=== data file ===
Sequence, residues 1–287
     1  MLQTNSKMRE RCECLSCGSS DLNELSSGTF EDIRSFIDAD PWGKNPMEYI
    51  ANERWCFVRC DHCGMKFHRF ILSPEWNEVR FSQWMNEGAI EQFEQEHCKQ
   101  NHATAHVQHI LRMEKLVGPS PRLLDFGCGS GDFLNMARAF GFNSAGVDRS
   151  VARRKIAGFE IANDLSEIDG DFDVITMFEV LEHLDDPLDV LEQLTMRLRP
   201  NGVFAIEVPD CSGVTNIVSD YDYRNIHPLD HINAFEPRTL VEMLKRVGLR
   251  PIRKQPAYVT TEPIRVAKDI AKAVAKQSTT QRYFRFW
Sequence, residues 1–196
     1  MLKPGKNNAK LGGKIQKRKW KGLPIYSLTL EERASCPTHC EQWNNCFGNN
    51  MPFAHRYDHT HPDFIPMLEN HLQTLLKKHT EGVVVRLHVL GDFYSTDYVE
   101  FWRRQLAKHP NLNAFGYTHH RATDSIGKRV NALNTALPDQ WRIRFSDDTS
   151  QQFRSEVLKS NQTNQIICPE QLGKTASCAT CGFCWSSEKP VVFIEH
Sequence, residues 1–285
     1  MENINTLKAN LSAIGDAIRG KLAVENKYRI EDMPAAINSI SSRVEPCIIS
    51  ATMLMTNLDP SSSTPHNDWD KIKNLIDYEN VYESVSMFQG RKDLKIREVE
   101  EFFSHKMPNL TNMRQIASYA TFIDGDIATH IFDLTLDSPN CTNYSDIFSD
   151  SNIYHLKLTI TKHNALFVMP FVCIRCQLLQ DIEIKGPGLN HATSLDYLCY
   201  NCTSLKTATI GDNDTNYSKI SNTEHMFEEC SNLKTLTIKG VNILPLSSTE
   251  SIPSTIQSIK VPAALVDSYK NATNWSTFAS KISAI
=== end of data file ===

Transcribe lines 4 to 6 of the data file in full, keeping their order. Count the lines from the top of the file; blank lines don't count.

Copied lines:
   101  NHATAHVQHI LRMEKLVGPS PRLLDFGCGS GDFLNMARAF GFNSAGVDRS
   151  VARRKIAGFE IANDLSEIDG DFDVITMFEV LEHLDDPLDV LEQLTMRLRP
   201  NGVFAIEVPD CSGVTNIVSD YDYRNIHPLD HINAFEPRTL VEMLKRVGLR